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    Teachers are subject to multiple stressors in their profession and often experience significant distress, which has been found to be linked with harsh and punitive behaviors. These behaviors have been found to influence students negatively, particularly those with vulnerable temperaments. Prior research has also found such negative teacher behavior to be associated with hierarchical social structures in classrooms. While many researchers have attributed this hierarchical structure to teacher modeling—normalizing negative displays of behavior or treating favored students preferentially—student personality may also be a factor. Students high in neuroticism have been found to be particularly vulnerable to stress and often withdrawn. Students high in extraversion, however, have been found to be sociable and to experience positive emotions more frequently. Some evidence suggests these students may also be more likely to form transitive friendships, in which person A is friends with person B, person B is friends with person C, and person A is also friends with C, creating more cohesive networks of friends. It is possible that one reason hierarchical classroom social structures emerge in classrooms in which teachers display negative behaviors is that students higher in extraversion support each other and help maintain each other’s positive emotions, while students higher in neuroticism are more likely to withdraw and experience more negative emotions. Students higher in extraversion may be more likely to occupy higher-status positions in the classroom social structure both because they have more frequent contact with one another, and because other students are more likely to hope to befriend those who are happier and have more friends. The current study will simulate fourth- and fifth-grade classrooms to investigate the relationship between teacher behavior, student personality, student emotions, and student social network structure. Results suggest that extraversion is associated with a greater likelihood of being embedded in transitive triads and greater popularity in the friendship social network. However, there is little evidence that neuroticism is associated with students’ position in the student social network or that teacher behavior is related to the structure of student social network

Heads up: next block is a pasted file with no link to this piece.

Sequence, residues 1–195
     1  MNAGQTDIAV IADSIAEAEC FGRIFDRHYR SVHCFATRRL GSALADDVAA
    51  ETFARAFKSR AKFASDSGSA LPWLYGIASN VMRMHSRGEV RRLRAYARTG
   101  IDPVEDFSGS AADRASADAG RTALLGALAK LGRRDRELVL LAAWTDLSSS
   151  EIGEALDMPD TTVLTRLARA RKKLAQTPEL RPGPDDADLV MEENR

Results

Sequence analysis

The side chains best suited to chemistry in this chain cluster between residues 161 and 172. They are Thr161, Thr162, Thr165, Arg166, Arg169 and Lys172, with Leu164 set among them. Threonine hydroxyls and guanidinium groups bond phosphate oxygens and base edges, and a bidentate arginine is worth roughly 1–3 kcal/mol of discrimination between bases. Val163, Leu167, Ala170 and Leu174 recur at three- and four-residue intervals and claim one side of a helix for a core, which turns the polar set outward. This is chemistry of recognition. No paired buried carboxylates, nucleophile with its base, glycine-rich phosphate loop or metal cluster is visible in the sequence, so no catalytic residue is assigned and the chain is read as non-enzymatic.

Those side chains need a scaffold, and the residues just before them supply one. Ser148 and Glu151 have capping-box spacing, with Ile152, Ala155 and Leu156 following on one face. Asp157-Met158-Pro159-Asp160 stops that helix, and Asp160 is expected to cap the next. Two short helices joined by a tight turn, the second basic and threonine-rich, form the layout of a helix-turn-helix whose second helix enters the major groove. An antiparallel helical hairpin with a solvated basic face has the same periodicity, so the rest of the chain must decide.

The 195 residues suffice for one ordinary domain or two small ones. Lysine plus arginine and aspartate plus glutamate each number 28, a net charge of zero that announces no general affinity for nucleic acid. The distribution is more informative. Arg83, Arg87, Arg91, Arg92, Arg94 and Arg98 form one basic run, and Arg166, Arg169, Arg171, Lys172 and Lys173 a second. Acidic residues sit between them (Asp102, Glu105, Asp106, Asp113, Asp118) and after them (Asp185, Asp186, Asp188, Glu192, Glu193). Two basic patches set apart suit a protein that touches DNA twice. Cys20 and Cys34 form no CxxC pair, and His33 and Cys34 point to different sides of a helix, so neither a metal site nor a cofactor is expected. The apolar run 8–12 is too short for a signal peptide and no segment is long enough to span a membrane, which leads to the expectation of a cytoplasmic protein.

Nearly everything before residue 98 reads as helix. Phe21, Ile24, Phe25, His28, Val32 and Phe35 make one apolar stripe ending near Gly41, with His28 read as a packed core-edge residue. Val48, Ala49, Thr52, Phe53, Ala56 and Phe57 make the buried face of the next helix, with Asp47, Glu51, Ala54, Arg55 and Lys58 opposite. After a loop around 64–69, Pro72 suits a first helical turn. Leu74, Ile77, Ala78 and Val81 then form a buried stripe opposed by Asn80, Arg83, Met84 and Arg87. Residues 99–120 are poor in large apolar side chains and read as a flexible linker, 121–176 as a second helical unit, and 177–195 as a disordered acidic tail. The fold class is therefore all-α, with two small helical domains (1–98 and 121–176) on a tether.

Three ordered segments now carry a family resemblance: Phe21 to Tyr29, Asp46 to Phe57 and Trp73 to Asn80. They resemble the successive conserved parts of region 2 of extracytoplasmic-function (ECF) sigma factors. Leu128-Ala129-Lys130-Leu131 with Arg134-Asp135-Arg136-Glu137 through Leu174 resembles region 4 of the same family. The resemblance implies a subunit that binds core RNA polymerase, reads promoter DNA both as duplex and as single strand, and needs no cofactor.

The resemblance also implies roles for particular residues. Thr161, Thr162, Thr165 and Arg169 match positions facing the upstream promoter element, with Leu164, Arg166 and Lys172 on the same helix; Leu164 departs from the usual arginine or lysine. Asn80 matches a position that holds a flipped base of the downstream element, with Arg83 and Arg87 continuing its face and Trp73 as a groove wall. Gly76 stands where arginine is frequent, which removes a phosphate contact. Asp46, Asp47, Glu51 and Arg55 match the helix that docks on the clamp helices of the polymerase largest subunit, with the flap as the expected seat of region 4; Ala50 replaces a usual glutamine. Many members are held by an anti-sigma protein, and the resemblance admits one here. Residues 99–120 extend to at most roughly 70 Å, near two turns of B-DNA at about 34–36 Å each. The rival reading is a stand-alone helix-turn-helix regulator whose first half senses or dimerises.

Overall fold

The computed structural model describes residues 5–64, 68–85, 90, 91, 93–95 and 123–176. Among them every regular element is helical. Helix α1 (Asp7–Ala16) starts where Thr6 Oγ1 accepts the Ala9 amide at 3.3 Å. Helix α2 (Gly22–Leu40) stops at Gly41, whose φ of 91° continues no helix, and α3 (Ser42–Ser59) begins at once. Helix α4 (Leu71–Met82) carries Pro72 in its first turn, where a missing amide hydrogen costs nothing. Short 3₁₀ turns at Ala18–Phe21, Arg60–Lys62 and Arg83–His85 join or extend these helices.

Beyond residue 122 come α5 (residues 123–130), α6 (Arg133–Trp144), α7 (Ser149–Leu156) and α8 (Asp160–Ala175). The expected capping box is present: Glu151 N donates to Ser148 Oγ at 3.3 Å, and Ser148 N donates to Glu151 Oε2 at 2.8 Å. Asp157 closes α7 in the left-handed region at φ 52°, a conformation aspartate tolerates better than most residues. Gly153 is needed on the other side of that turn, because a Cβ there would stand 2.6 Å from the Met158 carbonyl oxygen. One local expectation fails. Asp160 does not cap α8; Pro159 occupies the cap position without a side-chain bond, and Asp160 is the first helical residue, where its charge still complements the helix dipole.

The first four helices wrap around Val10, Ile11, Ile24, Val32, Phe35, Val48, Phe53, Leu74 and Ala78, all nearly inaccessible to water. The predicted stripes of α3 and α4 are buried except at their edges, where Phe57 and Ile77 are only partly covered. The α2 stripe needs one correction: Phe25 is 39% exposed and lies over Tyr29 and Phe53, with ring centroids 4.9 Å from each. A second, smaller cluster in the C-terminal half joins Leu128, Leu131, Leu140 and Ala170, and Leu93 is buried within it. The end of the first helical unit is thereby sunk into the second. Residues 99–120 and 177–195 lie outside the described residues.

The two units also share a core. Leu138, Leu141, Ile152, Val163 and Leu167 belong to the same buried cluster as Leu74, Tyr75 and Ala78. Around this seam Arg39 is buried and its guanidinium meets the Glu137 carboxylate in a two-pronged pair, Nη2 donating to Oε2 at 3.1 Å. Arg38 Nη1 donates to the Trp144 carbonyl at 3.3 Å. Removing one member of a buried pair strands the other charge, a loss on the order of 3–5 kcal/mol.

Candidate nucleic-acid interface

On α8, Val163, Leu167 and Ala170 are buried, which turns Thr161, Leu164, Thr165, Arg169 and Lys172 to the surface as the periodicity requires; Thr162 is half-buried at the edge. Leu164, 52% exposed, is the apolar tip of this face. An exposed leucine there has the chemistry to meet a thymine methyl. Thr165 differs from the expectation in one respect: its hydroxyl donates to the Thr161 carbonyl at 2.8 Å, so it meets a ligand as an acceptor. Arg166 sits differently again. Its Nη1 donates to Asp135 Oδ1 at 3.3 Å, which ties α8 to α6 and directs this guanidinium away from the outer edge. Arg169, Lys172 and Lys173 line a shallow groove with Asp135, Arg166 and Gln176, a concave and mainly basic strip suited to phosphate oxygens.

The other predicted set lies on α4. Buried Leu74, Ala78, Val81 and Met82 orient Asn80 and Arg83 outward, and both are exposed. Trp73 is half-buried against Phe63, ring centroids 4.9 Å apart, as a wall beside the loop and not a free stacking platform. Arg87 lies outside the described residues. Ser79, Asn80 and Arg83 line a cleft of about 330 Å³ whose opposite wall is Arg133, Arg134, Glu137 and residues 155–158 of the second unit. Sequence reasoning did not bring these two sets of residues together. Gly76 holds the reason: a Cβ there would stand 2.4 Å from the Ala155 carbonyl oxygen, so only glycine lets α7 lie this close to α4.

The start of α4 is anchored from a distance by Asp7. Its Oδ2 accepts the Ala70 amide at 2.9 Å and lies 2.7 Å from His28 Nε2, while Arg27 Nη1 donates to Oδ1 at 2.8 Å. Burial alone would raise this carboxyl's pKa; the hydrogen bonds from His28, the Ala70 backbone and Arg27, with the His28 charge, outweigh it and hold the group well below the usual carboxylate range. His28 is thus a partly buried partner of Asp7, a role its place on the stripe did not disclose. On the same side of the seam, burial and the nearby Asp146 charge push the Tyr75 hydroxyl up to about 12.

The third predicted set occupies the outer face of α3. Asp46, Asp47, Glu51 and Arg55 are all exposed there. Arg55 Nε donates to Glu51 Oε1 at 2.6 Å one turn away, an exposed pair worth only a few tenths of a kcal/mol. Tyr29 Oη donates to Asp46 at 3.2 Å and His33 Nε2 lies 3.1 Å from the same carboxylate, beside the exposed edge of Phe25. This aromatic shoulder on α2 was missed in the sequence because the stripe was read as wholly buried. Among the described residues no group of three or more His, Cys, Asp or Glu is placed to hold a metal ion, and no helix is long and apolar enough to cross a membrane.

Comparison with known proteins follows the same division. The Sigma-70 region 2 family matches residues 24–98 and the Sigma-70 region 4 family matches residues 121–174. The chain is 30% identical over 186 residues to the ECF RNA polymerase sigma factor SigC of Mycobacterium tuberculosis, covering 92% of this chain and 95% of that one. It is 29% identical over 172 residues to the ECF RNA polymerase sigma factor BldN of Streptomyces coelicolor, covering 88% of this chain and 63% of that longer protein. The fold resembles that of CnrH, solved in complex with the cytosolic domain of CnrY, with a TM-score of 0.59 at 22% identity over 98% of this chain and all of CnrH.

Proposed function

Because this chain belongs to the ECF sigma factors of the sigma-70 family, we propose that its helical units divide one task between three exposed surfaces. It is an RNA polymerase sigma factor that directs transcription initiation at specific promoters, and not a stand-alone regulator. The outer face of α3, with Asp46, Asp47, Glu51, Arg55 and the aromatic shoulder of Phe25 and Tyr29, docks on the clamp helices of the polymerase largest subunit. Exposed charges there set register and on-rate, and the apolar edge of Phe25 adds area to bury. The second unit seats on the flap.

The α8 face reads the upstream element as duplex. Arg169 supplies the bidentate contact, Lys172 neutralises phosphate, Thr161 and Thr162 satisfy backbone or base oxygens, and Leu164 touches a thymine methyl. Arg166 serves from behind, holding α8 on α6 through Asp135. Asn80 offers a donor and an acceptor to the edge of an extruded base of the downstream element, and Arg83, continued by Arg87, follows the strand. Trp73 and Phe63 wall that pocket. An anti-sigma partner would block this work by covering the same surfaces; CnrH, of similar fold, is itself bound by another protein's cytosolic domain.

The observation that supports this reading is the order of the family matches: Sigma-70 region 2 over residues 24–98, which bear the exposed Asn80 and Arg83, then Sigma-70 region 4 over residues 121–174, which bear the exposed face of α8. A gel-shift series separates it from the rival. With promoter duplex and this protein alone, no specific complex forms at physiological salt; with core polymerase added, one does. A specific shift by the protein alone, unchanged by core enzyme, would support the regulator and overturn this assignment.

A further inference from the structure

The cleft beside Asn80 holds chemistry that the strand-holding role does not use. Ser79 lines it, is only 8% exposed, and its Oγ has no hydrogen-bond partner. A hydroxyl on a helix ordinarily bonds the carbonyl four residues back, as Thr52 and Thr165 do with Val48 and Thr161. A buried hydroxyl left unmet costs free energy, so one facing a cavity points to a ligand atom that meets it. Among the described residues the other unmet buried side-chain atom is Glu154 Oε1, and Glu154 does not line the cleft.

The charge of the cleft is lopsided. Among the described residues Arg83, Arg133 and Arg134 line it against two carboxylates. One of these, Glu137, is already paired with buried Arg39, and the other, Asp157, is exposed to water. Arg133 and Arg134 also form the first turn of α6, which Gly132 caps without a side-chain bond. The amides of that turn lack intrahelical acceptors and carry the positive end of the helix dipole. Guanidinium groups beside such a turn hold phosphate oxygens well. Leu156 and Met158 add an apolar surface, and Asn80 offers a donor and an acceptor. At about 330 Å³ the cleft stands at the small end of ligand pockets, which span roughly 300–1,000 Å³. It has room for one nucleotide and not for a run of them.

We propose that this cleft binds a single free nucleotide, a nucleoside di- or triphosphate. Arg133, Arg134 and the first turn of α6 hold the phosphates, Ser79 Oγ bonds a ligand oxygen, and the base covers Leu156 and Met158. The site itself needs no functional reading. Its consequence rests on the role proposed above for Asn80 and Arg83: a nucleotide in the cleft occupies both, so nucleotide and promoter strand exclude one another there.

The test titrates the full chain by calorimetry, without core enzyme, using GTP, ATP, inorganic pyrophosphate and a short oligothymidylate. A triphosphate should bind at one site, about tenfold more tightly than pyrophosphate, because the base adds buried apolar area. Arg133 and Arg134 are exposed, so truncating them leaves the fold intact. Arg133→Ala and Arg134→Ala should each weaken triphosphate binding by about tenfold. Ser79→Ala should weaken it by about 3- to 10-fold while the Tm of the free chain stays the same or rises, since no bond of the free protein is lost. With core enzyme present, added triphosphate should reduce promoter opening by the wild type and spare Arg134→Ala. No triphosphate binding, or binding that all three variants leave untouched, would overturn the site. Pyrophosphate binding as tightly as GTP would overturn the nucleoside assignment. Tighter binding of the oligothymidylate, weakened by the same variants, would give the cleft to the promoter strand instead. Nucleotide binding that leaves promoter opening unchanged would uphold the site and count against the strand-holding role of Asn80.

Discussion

Beyond Aloha ‘Oe: Hawaiian music in Hawai’i’s music classrooms